GST fears stalling IT spend in Malaysia: Barracuda Networks

  • Companies know that they need IT security, but putting purchases on hold
  • Barracuda sees growth potential in web application security solutions
GST fears stalling IT spend in Malaysia: Barracuda Networks
MANY Malaysian businesses are putting the purchase of new IT solutions on hold because of the unfavourable economic climate, as well as the impending implementation of the Goods and Services Tax (GST) in the country.
According to Barracuda Networks Inc regional manager in Malaysia Thiban Darmalingam, some companies are even slashing their budgets on new IT solutions by at least 50%.
“Companies know that they need IT security, but are anxious about the [April 1] implementation of the GST.
“At the same time, they are being whipped by the foreign currency exchange rate and global economic uncertainties,” he told a media briefing in Kuala Lumpur on Jan 15.
New York Stock Exchange-listed Barracuda Networks provides security, networking and storage via network appliances and cloud services.
These uncertainties and the economic climate have “resulted in everyone adopting a ‘wait-and-see’ mentality,” Thiban said, adding that this applies to companies across the board, including banks.
“When I approach companies, many of them say they will only spend for what they really need, such as renewal of licences, maintenance and so forth – anything else, and it is put on hold,” he said.
Still optimistic about Malaysian market
GST fears stalling IT spend in Malaysia: Barracuda Networks

However, despite all this, Thiban (pic) said he remained optimistic about Barracuda Networks’ growth outlook this year.
He said that Malaysian banks, which are now under pressure to secure their automated teller machines (ATMs) after last year’s ATM hacking incident, are starting to knock on the company’s doors.
“One-and-a-half years ago, I approached a Malaysian banking client with a web application security solution. At the time, they told us that they didn’t need the solution because they felt they were secure.
“Recently, I received a call from the client and they said that they wanted to start allocating a budget for this,” claimed Thiban, who declined to reveal the name of the bank.
He also believes that companies, due to cost constraints, will start looking at outsourcing part of the IT security function.
Many companies, even banks, may not want to make outright purchases and may prefer using managed service providers, especially for non-critical areas that they don’t want to own or don’t want to hire extra staff for.
“This is making managed service providers smile,” said Thiban.
He said that Barracuda Networks has a good relationship with various managed service providers, and he believes this would be one of the growth areas for the company this year.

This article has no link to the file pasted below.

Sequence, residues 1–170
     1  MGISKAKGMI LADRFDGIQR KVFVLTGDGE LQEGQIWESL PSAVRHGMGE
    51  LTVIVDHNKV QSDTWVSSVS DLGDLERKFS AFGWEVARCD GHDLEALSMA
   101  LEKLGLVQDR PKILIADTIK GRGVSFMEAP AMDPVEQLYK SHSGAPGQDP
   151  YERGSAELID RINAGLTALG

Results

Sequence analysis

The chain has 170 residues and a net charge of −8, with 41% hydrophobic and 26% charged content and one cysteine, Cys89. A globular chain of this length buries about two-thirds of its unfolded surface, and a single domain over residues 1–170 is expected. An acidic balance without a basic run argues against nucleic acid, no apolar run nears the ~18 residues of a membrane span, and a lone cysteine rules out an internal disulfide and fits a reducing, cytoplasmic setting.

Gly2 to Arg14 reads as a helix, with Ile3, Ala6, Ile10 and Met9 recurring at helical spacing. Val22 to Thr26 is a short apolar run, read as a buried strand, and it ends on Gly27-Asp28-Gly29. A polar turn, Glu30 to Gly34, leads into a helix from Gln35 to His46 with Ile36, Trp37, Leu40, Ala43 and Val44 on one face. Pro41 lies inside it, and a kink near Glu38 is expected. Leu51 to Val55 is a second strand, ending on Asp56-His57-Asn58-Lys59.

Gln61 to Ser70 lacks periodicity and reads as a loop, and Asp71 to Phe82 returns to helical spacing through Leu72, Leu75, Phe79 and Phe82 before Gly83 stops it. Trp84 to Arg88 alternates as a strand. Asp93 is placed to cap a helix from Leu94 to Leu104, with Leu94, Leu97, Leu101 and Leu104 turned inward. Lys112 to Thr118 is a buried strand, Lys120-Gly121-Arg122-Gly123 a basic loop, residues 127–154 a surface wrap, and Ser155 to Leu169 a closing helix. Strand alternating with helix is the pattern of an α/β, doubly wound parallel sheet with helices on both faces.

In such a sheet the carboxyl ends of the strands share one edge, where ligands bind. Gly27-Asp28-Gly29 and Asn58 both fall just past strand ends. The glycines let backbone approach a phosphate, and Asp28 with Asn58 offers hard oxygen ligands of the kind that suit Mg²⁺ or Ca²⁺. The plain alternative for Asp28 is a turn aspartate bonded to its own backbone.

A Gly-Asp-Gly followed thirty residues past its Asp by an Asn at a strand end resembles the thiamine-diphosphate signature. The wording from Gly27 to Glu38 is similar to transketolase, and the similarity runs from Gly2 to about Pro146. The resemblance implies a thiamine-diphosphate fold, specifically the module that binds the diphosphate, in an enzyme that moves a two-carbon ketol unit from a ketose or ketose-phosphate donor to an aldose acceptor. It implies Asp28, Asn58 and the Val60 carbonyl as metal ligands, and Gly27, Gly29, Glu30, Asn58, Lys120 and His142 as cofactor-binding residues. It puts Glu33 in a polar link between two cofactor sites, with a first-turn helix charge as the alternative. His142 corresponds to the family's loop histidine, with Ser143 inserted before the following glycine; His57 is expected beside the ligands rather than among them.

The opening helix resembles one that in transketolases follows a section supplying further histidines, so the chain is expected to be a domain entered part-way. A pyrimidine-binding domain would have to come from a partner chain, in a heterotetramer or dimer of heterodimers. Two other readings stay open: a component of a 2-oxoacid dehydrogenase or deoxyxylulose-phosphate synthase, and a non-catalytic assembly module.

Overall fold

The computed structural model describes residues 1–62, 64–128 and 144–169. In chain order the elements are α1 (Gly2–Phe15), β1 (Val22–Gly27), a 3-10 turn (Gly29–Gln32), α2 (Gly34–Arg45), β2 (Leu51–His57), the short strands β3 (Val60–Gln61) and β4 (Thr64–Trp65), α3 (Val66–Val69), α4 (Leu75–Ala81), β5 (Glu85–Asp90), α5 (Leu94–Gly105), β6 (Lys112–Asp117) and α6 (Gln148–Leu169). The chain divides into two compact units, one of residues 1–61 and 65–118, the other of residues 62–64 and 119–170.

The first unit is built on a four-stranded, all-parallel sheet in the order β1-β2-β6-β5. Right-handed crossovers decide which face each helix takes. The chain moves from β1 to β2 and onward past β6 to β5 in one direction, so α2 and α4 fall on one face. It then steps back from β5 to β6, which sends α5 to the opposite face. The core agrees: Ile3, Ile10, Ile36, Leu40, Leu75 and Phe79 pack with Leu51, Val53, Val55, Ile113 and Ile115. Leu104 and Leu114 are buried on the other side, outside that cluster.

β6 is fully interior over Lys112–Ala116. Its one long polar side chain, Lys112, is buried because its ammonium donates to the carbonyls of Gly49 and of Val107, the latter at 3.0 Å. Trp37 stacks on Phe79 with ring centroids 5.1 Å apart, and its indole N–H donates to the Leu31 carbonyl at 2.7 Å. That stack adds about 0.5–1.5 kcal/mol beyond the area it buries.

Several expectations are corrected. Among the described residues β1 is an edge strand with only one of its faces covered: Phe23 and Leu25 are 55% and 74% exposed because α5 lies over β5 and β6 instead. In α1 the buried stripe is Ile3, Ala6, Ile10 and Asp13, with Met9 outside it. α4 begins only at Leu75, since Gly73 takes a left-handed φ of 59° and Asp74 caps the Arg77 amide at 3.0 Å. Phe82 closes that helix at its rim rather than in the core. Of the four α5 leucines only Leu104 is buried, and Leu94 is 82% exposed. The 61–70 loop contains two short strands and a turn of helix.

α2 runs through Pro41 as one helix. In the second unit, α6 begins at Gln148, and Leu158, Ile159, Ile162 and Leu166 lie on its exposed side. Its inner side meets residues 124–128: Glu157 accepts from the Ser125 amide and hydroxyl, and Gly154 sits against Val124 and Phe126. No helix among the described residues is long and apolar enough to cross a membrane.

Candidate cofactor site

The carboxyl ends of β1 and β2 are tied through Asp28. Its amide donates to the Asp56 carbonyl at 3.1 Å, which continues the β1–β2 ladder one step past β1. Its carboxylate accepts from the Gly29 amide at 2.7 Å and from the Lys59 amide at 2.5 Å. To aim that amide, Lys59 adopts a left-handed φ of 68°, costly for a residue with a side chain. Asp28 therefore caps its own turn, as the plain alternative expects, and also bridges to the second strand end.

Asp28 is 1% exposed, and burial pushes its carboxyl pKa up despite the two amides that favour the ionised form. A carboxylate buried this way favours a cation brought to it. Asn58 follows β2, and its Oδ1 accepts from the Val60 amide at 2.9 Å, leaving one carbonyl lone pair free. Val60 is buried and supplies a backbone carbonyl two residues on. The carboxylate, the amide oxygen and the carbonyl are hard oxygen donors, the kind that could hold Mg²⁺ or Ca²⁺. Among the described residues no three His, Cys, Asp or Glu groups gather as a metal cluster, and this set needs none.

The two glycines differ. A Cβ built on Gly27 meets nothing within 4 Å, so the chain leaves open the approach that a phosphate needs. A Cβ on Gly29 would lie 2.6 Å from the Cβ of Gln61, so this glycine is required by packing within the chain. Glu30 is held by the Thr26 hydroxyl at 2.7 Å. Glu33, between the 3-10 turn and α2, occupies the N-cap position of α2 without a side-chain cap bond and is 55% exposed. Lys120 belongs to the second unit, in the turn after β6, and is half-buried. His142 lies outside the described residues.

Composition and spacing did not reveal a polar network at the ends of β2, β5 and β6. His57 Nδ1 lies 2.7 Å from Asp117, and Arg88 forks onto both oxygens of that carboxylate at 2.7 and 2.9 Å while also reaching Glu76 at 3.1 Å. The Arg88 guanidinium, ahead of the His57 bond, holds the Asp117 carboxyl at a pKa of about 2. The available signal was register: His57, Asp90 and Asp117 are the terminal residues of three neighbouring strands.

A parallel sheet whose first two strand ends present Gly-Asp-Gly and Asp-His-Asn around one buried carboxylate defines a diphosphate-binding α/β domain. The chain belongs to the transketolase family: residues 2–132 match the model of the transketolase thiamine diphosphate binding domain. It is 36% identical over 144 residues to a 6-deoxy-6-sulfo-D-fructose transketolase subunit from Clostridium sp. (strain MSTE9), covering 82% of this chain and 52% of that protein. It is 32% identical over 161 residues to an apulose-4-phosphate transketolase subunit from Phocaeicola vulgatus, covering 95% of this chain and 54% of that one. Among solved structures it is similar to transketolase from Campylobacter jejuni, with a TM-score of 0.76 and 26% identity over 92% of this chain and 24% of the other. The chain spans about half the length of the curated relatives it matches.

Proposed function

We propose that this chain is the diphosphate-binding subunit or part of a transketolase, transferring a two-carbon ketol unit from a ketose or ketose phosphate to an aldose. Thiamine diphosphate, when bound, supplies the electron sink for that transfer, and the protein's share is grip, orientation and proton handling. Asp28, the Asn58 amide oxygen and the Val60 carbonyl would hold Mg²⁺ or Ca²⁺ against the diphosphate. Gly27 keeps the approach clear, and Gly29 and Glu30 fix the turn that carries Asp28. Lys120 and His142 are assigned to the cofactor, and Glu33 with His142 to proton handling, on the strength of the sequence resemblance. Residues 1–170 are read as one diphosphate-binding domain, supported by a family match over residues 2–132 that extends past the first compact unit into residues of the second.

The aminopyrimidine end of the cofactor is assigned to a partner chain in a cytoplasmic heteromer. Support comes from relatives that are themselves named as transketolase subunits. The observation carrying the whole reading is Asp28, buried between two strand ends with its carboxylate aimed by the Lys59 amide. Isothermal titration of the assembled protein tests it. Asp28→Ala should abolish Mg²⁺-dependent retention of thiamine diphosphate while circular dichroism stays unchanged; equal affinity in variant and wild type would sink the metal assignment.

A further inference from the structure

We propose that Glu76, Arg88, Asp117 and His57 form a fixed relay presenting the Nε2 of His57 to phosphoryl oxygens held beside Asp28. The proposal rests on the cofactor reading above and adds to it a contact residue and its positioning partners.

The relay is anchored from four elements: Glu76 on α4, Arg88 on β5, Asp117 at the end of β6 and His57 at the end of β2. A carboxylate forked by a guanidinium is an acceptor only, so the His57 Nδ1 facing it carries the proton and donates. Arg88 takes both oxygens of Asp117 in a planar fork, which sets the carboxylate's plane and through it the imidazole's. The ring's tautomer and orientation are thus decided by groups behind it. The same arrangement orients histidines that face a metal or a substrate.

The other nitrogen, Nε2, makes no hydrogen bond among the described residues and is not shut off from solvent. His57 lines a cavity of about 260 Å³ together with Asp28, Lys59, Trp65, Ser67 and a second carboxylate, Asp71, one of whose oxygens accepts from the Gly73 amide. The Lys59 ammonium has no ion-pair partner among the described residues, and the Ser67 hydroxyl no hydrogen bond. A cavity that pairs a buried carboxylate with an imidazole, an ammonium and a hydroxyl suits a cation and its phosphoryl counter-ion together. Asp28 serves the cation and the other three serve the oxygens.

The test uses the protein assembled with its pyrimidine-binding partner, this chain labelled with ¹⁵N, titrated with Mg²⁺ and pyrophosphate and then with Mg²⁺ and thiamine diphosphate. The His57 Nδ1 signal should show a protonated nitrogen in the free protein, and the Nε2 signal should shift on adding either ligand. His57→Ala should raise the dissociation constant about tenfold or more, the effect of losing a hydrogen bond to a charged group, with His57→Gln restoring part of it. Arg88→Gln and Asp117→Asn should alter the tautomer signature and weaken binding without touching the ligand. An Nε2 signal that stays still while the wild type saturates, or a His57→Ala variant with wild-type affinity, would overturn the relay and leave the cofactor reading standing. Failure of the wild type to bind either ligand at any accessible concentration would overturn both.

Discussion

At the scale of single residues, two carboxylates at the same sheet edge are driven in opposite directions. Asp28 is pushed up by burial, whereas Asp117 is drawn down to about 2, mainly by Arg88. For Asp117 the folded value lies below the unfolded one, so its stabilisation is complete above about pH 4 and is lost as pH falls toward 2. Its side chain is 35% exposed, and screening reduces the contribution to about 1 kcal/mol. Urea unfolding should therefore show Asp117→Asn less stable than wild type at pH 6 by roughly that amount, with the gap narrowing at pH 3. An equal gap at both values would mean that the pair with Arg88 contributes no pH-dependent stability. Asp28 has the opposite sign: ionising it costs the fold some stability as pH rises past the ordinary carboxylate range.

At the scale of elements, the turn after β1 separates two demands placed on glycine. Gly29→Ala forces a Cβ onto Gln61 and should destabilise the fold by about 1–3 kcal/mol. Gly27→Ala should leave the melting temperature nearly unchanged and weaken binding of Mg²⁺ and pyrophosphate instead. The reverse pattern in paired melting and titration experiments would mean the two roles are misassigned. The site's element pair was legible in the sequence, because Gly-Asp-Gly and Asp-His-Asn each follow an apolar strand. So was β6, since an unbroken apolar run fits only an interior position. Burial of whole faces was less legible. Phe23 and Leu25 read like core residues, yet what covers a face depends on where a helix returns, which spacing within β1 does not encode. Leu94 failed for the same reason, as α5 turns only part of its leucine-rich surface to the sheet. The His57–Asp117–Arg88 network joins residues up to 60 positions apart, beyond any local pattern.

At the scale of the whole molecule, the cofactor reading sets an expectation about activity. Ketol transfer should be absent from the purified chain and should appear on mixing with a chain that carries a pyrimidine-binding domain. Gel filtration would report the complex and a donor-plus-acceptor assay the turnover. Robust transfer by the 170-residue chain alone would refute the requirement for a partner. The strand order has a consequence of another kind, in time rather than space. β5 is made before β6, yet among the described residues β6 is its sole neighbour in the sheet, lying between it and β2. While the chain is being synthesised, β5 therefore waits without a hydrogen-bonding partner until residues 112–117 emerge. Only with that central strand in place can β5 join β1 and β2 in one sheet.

Trends for 2015
As far as security is concerned, Thiban said that Barracuda Networks sees a few specific trends in taking root in 2015.
He said that as companies move from the physical to the virtual to the public cloud and on to Software-as-a-Service (Saas), attack surfaces will change.
“An infrastructure upgrade may add multiple attack surfaces. For example, companies that migrate from an on-site Microsoft Exchange Server to Office 365 have added a new attack surface across multiple threat vectors, such as email and web application,” he explained.
There will also be an increase in attacks related to mobile access and web applications. Thiban said.
“The mobile Internet is particularly vulnerable to phishing and social engineering attacks. Mobile devices are constantly moving between secure corporate networks and unsecure home or public WiFi,” he explained.
Barracuda Networks also expects to see a continuous rise in web application attacks and Distributed Denial of Service (DDoS) incidents.
Thiban said that the web application vector is the attack surface that is currently the least understood by IT administrators, and is generally the most exposed.
“Many companies attempt to secure this threat vector with the wrong technology, like a network firewall, which can protect Layer 4 protocols and even do a deep packet inspection.
“However, truly protecting web application layer attacks generally requires terminating the HTTP or HTTPS protocols, and often rewriting traffic to identify and mitigate threats.
“Just as a network firewall is not designed to stop spam, it is also not designed to stop web application attacks.
“This type of misunderstanding leaves the threat vector exposed to attack and gives the administrator a false sense of security,” Thiban added.
Related Stories:
DDoS attacks grow, era of botnets: Akamai’s Prolexic report
Targeted attacks the ‘new normal,’ says Trend Micro exec 
Security industry to pay more attention to cyber-espionage: InfoWatch CEO
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